North Carolina’s vaccine goal is welcomed, but how long might it take to reach it?

BY Randy Brechbiel, Guest Columnist
Posted 5/5/21

On April 21, Gov. Roy Cooper announced a clear goal for North Carolina — get two-thirds of the adult population vaccinated with at least one dose of a COVID-19 vaccine. Should North Carolina hit …

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North Carolina’s vaccine goal is welcomed, but how long might it take to reach it?

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On April 21, Gov. Roy Cooper announced a clear goal for North Carolina — get two-thirds of the adult population vaccinated with at least one dose of a COVID-19 vaccine. Should North Carolina hit that goal, the mask mandate could be rescinded, taking the state a step closer to life beyond the pandemic.

This news was welcomed as many were beginning to worry there was no endgame. But data from the North Carolina Dept. of Health and Human Services (NCDHHS) shows that reaching Cooper’s 66% vaccination goal might take much longer than many had hoped.

NCDHHS data shows that, as of last week, 48.5% of the adult population in North Carolina had been vaccinated with at least one dose. That equals to roughly 3.95 million people, and to hit 66% of the adult population, another estimated 1.4 million adults will need to get at least one dose. Data tells us which age groups have the most numbers to gain for vaccinations.

Provided that 77% of those 65 years and older have already received at least one dose, it is unlikely this age group will make gains in the weeks ahead. The age groups 35-49 and 50-64 have made up the bulk of first doses administered in the last two months, but those numbers have dipped in recent weeks. There’s some hope for those 18-24, but there has yet to be a surge among that age group since vaccines opening to all adults on April 5.

The data give us trendlines to guide expectations as well. During the weeks of April 5 through April 19, the state administered an average of 208,300 first doses to all adults per week. If the state held that pace moving forward it would take nearly seven additional weeks to reach Cooper’s 66% goal. Some may say that’s the best-case scenario.

Perhaps more applicable are the seven weeks after March 1, when vaccines opened to frontline essential workers. Total first doses administered to adults fell five of those seven weeks and weekly totals declined by roughly 40% on multiple occasions. If we applied a continuous, equivalent trendline starting from the prior week’s totals of over 113,000 first doses administered to adults, it would take over 12 weeks to reach 1 million first doses administered. That is still 400,000 shots short of the goal. That could stretch the state into August.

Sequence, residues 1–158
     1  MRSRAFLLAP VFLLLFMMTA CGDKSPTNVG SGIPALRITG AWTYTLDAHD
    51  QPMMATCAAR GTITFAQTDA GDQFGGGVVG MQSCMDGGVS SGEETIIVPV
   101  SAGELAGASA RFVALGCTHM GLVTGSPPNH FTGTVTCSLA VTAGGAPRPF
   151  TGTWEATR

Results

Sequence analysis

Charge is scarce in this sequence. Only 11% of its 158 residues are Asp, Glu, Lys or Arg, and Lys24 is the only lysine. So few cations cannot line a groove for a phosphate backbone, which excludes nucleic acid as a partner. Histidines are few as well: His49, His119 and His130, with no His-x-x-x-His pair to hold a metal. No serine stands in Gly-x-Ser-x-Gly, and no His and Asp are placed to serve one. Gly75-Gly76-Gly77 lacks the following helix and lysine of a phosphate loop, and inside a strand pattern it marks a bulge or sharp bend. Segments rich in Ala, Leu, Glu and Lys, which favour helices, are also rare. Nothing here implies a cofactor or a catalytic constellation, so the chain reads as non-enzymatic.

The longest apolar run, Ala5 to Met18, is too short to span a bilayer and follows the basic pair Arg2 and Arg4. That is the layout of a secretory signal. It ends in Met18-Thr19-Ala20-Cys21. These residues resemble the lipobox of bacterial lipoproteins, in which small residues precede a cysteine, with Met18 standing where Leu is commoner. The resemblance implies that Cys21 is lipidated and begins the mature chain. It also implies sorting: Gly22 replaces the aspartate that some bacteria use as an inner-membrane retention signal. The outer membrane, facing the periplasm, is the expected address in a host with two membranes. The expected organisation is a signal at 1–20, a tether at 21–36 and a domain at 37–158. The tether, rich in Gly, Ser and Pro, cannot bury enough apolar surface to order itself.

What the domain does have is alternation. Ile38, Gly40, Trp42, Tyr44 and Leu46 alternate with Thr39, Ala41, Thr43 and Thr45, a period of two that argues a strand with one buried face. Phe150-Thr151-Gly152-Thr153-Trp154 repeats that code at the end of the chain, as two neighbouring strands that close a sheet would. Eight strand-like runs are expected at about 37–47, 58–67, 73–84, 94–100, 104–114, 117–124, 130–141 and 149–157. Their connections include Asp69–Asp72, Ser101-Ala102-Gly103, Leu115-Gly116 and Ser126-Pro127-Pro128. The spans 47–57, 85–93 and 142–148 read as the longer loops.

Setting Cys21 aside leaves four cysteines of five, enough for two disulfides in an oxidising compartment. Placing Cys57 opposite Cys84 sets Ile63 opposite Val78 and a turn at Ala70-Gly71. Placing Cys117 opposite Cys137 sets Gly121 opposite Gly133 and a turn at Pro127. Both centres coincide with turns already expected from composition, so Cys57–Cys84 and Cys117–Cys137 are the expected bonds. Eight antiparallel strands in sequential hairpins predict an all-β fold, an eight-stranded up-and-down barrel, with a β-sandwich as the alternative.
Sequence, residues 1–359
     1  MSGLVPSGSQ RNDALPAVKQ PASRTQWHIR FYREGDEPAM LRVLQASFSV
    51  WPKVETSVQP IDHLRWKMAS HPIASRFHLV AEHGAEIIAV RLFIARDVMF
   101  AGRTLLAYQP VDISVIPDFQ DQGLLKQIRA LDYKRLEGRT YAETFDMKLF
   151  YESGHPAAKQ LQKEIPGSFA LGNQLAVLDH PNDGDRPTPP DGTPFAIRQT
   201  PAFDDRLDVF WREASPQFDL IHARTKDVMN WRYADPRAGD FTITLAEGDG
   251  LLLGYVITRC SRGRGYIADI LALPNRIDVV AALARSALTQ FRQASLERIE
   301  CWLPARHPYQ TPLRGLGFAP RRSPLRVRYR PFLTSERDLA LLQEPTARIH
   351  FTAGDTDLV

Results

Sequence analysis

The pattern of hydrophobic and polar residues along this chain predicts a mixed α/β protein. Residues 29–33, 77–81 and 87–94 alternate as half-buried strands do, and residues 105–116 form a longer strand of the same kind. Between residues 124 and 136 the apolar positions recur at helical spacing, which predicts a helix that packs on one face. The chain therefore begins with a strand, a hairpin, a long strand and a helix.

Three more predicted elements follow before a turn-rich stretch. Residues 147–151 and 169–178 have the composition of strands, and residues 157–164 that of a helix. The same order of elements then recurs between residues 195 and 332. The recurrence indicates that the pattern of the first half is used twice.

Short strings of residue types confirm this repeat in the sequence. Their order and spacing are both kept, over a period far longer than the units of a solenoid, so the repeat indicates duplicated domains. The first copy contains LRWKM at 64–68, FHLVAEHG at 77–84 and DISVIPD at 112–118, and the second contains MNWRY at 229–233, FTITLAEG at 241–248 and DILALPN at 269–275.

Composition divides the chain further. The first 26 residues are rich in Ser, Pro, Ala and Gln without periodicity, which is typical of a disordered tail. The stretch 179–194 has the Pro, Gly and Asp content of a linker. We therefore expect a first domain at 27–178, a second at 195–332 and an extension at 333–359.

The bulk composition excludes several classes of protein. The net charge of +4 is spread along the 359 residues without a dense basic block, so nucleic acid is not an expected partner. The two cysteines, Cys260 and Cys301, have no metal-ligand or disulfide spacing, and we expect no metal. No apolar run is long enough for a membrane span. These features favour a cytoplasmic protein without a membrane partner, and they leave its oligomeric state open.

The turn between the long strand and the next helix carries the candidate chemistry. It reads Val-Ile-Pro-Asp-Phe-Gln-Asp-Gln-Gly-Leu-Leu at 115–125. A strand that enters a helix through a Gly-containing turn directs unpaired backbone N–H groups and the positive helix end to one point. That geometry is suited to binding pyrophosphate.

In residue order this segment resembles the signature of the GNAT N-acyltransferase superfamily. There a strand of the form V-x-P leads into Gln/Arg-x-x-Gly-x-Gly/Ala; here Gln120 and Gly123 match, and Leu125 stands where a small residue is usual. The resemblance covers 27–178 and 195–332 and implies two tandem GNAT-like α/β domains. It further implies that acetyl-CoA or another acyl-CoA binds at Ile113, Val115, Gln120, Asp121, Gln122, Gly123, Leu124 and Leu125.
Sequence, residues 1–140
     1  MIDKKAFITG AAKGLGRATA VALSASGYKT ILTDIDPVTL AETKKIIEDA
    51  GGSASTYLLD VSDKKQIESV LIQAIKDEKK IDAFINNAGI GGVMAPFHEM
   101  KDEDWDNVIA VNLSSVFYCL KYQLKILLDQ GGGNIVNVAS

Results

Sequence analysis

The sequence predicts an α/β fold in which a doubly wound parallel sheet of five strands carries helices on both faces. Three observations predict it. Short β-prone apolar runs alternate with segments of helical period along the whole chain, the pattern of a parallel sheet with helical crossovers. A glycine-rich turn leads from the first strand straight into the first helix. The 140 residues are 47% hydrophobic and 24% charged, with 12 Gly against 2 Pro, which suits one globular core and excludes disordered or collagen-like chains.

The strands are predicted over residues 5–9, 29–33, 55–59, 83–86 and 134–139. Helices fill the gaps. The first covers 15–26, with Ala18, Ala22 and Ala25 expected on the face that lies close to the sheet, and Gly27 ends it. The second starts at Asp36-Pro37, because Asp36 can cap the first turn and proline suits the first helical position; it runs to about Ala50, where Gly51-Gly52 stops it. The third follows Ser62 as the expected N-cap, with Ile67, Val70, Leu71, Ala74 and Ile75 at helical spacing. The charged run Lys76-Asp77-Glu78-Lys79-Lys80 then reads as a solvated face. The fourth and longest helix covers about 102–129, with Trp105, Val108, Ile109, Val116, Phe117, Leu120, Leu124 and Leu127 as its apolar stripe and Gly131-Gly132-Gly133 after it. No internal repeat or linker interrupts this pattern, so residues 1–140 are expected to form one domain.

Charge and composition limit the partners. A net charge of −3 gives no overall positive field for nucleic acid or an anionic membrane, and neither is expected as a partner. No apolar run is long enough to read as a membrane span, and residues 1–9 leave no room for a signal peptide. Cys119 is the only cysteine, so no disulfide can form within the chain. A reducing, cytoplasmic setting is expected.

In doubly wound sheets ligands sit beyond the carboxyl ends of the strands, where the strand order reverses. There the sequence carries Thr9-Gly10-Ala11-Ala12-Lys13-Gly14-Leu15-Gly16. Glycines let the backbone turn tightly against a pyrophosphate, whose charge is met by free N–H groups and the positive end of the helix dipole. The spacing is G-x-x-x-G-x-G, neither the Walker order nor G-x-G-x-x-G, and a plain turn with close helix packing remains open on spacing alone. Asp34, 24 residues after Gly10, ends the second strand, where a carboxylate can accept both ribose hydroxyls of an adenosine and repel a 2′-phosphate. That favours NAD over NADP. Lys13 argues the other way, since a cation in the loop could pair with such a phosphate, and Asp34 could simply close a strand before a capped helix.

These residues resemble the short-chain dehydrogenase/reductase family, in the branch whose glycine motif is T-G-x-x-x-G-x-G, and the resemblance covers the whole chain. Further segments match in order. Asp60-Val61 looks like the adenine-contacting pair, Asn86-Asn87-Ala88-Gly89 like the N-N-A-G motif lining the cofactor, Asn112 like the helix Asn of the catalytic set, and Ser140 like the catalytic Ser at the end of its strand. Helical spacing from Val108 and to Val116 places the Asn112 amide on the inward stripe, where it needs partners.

Where does that leave the hope of lifting restrictions?

There is no reliable way to predict how long it will take to achieve Cooper’s 66% goal. Certain, however, is that absent any abnormal surge in first doses administered — which would likely have to come from the 18-24 age group — the process could easily draw out for another two to three months, or more.

The reinstatement of the Johnson & Johnson vaccine should help boost numbers if trust is restored. Unfortunately, pandemic-related trust issues loom over North Carolinians, and Americans in general. These trust issues run deeper than the Johnson & Johnson shot. An estimated 16% of all American adults are hesitant to get a COVID-19 vaccine, and according to the N.C. Watchdog Reporting Network, across our state’s 32 health systems, only 40% to 75% of hospital staff members have been vaccinated — a bloc of roughly 20% are refusing.

Further, even when vaccinations and social distancing are in place, hesitancy remains in the public’s return to normalcy. This could be driven by misinformation and inflammatory headlines that have frightened a large portion of the population. A March survey from Gallup found that roughly 60% of Americans think the chances people with COVID-19 must be hospitalized are 10 times higher than actual reality. That undoubtedly drives opposition towards lifting restrictions.

The state says it anticipates lifting the mask mandate once two-thirds of adult North Carolinians have received at least one vaccine dose, and if trends remain stable. Having a stated goal is informative given the lack of explanation and transparency throughout the pandemic, but the lines have been drawn for months now. The best tool we have to fight the virus is available to anyone who wants it. That’s a milestone that should be acted upon. Now is the time to let North Carolinians move forward — without the remaining policy decisions that continue to impact our state’s residents, businesses and daily routines.

Randy Brechbiel is a research and communications operator for The Results Company in Raleigh.


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